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Re: Designs for better debug info in GCC

On Dec 21, 2007, Ian Lance Taylor <> wrote:

> Alexandre Oliva <> writes:
>> On Dec 21, 2007, Ian Lance Taylor <> wrote:
>> >> Why would code, essential for debug information consumers that are
>> >> part of larger systems to work correctly, deserve any less attention
>> >> to correctness?
>> > Because for most people the use of debug information is to use it in a
>> > debugger.
>> Emitting incorrect debug information that most people wouldn't use
>> anyway is like breaking only the template instantiations that most
>> people wouldn't use anyway.
>> Would you defend the latter position?

> Alexandre, I have to say that in my opinion absurd arguments like this
> do not strengthen your position.

I'm sorry that you feel that way, but I don't understand why you and
so many others apply different compliance standards to debug
information.  Why do you regard compiler output that causes systems to
fail because they process incorrect debug information as any more
acceptable than compiler output that causes system to fail because
they process incorrect instructions?

Do you just not see how serious the problem is, or just not care about
the growing number of tools and people who need the information to be

> What we sacrifice in these cases is the ability to sometimes get a
> correct view of at most two or three local variables being modified in
> the exact statement being executed at the time of the signal.

Aren't you forgetting that complex statements and scheduling can make
it much worse than this?  In fact, that there can be very many "active
statements" at any single point in the code (and this is even more
critical on some architectures such as IA64), and that, in these
cases, your suggested notion of "line notes" is pretty much
meaningless, for they will be present between pretty much every pair
of statements anyway?

> Programmers can reasonably select a trade-off between larger debug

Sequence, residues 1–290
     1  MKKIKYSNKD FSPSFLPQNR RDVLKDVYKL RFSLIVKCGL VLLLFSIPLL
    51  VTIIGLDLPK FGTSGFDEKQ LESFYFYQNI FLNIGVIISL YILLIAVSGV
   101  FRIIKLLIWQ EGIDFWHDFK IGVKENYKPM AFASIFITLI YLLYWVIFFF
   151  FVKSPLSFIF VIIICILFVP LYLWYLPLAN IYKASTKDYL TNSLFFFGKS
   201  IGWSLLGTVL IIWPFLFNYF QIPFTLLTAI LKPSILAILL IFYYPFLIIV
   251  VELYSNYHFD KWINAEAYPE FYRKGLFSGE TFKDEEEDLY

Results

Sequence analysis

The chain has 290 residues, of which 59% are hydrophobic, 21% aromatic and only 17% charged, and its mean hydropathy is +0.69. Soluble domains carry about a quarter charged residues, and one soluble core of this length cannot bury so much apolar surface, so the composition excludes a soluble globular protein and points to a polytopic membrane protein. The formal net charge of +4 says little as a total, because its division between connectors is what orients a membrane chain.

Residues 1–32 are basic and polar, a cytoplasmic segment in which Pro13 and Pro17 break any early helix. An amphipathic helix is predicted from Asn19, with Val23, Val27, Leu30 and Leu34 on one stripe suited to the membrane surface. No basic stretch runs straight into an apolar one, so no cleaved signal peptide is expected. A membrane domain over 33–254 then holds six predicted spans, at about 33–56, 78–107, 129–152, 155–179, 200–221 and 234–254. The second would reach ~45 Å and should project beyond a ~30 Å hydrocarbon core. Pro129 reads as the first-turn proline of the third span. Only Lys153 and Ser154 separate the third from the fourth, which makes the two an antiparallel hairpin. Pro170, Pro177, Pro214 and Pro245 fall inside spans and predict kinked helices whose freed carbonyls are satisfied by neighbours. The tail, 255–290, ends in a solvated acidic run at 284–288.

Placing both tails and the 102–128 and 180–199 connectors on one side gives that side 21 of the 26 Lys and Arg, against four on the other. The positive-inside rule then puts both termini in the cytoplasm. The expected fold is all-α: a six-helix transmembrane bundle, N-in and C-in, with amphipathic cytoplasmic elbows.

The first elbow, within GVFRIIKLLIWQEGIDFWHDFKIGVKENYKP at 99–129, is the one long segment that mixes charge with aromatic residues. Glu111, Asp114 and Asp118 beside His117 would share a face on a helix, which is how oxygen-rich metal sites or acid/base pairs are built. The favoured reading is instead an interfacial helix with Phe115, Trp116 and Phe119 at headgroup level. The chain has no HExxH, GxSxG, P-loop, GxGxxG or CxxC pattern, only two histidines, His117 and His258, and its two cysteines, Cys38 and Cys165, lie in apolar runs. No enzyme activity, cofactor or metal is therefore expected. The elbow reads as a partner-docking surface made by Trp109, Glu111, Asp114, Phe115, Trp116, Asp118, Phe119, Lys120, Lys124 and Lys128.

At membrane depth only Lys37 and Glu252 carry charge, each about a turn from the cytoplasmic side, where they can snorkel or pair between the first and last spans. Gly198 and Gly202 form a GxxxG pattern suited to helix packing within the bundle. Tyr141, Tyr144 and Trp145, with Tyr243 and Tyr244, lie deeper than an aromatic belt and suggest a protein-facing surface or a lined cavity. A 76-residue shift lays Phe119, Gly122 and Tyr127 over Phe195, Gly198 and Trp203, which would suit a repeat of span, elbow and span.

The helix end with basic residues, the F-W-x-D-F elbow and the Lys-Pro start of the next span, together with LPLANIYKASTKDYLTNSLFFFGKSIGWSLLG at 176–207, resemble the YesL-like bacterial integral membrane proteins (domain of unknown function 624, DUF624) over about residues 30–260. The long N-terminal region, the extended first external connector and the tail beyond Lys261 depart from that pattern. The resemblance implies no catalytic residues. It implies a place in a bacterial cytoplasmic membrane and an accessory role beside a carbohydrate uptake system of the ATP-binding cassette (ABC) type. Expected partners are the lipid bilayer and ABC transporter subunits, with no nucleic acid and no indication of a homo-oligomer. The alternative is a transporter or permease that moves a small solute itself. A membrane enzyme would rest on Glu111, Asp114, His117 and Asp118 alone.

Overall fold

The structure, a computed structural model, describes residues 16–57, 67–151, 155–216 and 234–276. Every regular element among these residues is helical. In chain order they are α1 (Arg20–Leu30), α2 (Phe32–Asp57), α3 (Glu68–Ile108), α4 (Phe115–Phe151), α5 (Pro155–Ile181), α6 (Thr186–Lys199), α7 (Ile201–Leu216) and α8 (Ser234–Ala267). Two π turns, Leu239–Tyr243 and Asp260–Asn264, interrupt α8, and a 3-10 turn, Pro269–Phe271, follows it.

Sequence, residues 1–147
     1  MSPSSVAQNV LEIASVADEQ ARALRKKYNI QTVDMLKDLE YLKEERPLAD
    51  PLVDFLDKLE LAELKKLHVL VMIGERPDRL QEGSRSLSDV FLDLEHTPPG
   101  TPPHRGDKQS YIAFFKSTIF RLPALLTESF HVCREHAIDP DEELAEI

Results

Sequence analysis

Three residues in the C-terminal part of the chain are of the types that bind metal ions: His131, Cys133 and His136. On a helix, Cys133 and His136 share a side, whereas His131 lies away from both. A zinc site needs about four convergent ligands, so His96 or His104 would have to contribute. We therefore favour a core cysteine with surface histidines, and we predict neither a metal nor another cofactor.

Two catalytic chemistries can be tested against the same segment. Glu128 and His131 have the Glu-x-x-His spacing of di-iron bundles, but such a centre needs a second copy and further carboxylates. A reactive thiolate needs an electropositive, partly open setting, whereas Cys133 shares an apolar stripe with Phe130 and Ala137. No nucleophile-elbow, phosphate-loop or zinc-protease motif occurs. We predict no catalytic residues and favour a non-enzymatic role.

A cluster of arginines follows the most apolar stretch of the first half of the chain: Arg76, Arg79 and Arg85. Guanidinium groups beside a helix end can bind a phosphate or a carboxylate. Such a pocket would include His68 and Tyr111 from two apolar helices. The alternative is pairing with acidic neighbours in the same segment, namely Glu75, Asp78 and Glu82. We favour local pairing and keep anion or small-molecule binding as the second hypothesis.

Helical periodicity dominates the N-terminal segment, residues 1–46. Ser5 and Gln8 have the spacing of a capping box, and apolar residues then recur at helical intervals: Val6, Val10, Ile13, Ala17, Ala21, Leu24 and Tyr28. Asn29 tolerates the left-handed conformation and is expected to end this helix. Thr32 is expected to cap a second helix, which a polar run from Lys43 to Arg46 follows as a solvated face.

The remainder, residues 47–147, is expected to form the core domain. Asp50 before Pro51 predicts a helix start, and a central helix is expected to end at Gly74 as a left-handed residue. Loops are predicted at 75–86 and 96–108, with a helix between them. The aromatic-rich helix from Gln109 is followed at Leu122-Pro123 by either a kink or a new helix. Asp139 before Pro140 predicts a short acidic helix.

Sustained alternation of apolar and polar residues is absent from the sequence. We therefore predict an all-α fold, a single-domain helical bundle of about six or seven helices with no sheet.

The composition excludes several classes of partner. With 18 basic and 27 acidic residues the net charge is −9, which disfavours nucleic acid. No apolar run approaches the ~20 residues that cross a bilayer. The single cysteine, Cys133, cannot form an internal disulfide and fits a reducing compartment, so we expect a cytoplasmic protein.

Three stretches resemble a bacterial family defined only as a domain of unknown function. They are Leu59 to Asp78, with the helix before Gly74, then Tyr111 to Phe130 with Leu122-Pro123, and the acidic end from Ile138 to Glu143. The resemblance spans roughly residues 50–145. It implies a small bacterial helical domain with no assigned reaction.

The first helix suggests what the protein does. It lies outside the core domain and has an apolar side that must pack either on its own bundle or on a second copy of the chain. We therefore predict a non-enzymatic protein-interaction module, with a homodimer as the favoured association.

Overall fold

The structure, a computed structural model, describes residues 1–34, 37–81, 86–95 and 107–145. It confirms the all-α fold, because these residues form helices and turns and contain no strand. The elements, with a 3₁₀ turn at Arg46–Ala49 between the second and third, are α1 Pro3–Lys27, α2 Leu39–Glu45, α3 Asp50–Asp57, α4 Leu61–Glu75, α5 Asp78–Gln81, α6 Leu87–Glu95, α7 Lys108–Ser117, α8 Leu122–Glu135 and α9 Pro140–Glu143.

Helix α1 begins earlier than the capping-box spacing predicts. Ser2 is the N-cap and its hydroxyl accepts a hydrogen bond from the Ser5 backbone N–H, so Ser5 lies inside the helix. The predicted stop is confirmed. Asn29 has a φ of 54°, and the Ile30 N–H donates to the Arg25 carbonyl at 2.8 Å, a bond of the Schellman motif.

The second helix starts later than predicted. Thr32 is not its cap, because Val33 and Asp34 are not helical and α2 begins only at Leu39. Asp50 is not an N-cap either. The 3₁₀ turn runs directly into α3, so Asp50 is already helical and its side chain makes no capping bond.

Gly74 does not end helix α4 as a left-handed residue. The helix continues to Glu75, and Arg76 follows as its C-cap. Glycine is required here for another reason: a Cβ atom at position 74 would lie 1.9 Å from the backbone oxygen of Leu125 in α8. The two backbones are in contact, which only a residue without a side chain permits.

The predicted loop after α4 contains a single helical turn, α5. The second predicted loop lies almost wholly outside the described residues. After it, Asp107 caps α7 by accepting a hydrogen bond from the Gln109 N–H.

> information size and the ability to correctly inspect local
> variables when they asynchronously examine a program.

I don't have a problem with permitting people to make this trade-off,
as long as the information we generate is still arguably correct
(i.e., not necessarily in what I understand as correct), even if it is
incomplete.  I just don't see where to draw a line that makes sense to

> Moreover, a tool which reads the debug information can determine that
> it is looking at instructions in the middle of the statement, and that
> therefore the known locations of local variables need not be correct.
> So in fact we don't even lose the ability to get a correct view.  What
> we lose is the ability to in some cases see a value which actually is
> available, but which the debugging tool can not prove to be available.

Feel like proposing this "relaxed mode" to the DWARF standardization
committee?  At least an annotation that tells debug info consumers not
to trust fully the information encoded there, because it's only valid
at instructions marked with the "is_stmt" flag, or some such.

> It appears to me that you think that there is a binary choice between
> debugging information that is correct by your definition and debugging
> information that is incorrect.  That is a false dichotomy.  There are
> many gradations of debugging information that are useful.  For
> example, I don't know what your position on -g1 is, but certainly many
> people find it to be useful and practical, just as many people find
> -g0 and -g2 to be useful and practical.  Presumably some people also
> find -g3 to be useful, although I don't know any of them myself.
> Correctness of debugging information is not a binary characteristic.

But this paragraph above is not about correctness, it's about
completeness.  -g0 is less complete than -g1 is less complete than -g2
is less complete than -g3.  They all have their uses, but they can all
be compliant with the debug information standards, because what they
leave out is optional information.

What you're proposing is something else.  It's not about leaving out
information that is specified as optional in the standard.  It's about
emitting information, rather than leaving it out, and emitting it in a
way that is non-compliant with the standard, which makes it misleading
and error-prone to debug information consumers that have no reason to
suspect it might be wrong.

And all this just because emitting correct and more complete
information would make it larger, but we don't even know by how much.

What are you trying with to accomplish?

Why do you want -g to generate incorrect debug information, and force
debug information consumers that have use cases different than yours,
and distributors of such debug information, to decide between changing
their build procedures to get what the compiler should have long given
them, or living with unreliable information?

Just so that you, who don't care so much about the correctness of this
information yet, can shave off some bytes from your object files?  Why
shouldn't you use an option such as -gimme-just-what-I-need-no-more or
-fsck-up-my-debug-info-I-dont-care-about-standards instead?

Alexandre Oliva
FSF Latin America Board Member
Red Hat Compiler Engineer   aoliva@{,}
Free Software Evangelist  oliva@{,}

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